Above you can see a truly spectacular error, a 2001 Australian 20 cent struck on a bi-metal planchet. Wrong or foreign planchet errors are at the apex of desirability for Australian error collectors, and errors like this coin that are so obviously wrong are the most wanted of the bunch. Struck on a 10.66g planchet with a nickel or copper-nickel core surrounded by a brass or aluminium bronze ring, this 2001 20c is not the first error of this type sighted. That honour belongs to an example that appeared in 2007 Downies Auction where it sold for about $3500. The example you can see above surfaced this year and was the subject of an article of an article in the September 2017 Edition (page 10) of the Australasian Coin and Banknote Magazine.
It then appeared in Downies Auction 325 (lot 1785) where it was incorrectly described as the discovery coin from 2007. The coin sold for $8000 plus commission of 20% in that auction. The coin has been wiped (cleaned) sometime in the past, with the very first images of the coin posted online in early 2017 by the original owner clearly showing the cleaning applied by some mis-guided individual trying to ‘improve the coin’.
How does this type of error occur? So called ‘blank contamination’, where coin blanks of one type inadvertently contaminate the supply of another type. This could happen at the source of the blanks, which in this case was likely to be a company in South Korea. That company makes hundreds of different types of coin blanks and it’s not to difficult to imagine that every now and again a blank of one type could end up contaminating the supply of another type. For example, in the the Australian $1 coin on a bi-metal planchet was a result of that sort of contamination. Alternatively it could happen at the mint of origin when blanks of one type of coin minted contaminate the blank supply of another. For example, this 1944s florin on a shilling planchet, struck in San Francisco when the US mint was manufacturing both Australian florins and shillings (and threepences for that matter).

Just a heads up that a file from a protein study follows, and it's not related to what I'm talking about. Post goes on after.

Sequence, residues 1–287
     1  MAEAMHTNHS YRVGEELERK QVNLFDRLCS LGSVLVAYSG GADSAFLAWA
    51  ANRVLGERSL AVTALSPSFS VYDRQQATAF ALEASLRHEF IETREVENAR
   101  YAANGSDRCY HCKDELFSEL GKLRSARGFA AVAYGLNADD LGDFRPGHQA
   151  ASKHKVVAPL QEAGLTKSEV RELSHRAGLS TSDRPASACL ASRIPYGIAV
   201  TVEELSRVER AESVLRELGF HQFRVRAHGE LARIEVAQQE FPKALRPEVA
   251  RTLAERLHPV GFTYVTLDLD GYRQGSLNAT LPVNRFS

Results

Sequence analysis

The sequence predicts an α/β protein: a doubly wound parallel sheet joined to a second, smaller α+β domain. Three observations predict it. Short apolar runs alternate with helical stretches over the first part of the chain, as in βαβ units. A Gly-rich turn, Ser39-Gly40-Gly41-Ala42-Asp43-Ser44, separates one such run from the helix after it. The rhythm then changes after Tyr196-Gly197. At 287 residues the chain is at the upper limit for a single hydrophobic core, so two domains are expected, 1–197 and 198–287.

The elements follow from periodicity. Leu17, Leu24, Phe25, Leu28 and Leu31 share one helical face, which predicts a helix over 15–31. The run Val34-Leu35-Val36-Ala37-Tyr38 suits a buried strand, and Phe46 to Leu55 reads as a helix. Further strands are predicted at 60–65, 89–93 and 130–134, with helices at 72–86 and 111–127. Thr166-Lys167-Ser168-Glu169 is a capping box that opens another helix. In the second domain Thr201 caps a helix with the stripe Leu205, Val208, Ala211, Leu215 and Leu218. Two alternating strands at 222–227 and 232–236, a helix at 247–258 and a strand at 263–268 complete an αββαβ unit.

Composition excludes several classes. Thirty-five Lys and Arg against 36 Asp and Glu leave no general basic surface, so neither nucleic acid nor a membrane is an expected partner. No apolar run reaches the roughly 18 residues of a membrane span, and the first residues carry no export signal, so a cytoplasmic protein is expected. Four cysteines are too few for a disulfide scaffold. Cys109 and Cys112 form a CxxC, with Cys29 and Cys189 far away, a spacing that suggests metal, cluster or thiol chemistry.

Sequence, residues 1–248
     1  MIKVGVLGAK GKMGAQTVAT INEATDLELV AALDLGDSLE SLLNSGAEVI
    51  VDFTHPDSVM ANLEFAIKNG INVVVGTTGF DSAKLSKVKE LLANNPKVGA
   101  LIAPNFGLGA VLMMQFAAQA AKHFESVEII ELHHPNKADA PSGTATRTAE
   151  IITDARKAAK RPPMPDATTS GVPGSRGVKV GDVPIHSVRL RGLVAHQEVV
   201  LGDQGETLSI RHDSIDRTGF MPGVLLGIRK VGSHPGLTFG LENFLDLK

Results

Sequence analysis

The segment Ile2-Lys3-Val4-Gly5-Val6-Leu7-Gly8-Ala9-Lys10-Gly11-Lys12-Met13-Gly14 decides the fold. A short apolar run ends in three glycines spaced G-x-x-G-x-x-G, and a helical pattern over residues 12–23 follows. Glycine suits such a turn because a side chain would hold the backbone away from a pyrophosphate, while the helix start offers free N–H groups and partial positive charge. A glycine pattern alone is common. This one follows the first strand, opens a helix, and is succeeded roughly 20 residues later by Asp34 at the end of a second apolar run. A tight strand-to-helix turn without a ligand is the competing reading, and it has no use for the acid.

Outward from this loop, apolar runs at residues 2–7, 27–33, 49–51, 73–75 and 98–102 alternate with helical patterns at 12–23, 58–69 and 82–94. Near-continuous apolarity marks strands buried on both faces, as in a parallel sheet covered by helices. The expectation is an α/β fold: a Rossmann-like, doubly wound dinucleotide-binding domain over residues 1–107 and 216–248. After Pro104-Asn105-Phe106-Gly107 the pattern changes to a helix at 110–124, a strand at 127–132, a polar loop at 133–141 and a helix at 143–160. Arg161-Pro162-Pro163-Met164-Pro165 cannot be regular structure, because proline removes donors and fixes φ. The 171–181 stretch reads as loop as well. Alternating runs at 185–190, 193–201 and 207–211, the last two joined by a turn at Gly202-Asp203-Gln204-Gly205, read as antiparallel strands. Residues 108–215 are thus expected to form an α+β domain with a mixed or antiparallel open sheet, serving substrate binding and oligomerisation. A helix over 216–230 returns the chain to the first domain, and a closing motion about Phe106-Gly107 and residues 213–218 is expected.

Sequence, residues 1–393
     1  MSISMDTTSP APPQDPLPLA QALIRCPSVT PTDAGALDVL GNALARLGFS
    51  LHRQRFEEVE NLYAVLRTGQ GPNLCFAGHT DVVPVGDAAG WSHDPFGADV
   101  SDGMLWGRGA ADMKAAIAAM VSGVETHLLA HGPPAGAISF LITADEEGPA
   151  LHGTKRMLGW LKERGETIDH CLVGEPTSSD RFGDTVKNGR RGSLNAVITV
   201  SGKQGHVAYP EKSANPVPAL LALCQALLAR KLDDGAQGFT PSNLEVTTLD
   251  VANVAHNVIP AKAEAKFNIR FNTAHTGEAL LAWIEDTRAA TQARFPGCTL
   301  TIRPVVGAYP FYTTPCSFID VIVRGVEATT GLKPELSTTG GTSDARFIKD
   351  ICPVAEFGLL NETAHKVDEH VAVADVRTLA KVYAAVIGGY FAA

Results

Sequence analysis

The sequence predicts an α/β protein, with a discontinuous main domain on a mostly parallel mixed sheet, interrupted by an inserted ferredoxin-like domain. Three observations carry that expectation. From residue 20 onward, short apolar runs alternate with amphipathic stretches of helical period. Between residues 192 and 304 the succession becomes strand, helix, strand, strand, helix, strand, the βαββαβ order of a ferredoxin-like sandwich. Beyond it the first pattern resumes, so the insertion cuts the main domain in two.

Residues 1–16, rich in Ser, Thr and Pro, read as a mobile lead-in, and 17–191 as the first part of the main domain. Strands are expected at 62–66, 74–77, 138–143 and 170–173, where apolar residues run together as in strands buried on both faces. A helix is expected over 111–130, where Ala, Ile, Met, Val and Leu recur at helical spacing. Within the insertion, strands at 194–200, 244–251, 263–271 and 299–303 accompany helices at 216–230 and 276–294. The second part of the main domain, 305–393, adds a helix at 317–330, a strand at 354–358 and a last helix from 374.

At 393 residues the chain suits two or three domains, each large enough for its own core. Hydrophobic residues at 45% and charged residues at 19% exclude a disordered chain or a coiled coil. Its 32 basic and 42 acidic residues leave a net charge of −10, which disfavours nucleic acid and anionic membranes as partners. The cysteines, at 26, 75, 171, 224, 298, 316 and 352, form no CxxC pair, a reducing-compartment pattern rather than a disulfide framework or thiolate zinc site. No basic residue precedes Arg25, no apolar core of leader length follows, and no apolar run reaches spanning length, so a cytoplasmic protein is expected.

One of the two major Australian coin catalogues mentions the discovery piece for this error where it’s vaguely described as being struck “on a blank for a foreign customer”. We’ve got a more firm opinion having conducted a survey of all bi-metal coins from the 2000 and 2001 periods. The only coin which matches the specifications of the blanks these errors were struck on is KM#1262 , the Iranian 250 Rials. That coin weighs 10.7g, with a brass ring and a copper nickel core. It’s more than likely that blanks for the 250 rial coins of the period are the source of the blank that these amazing bi-metal errors were struck on.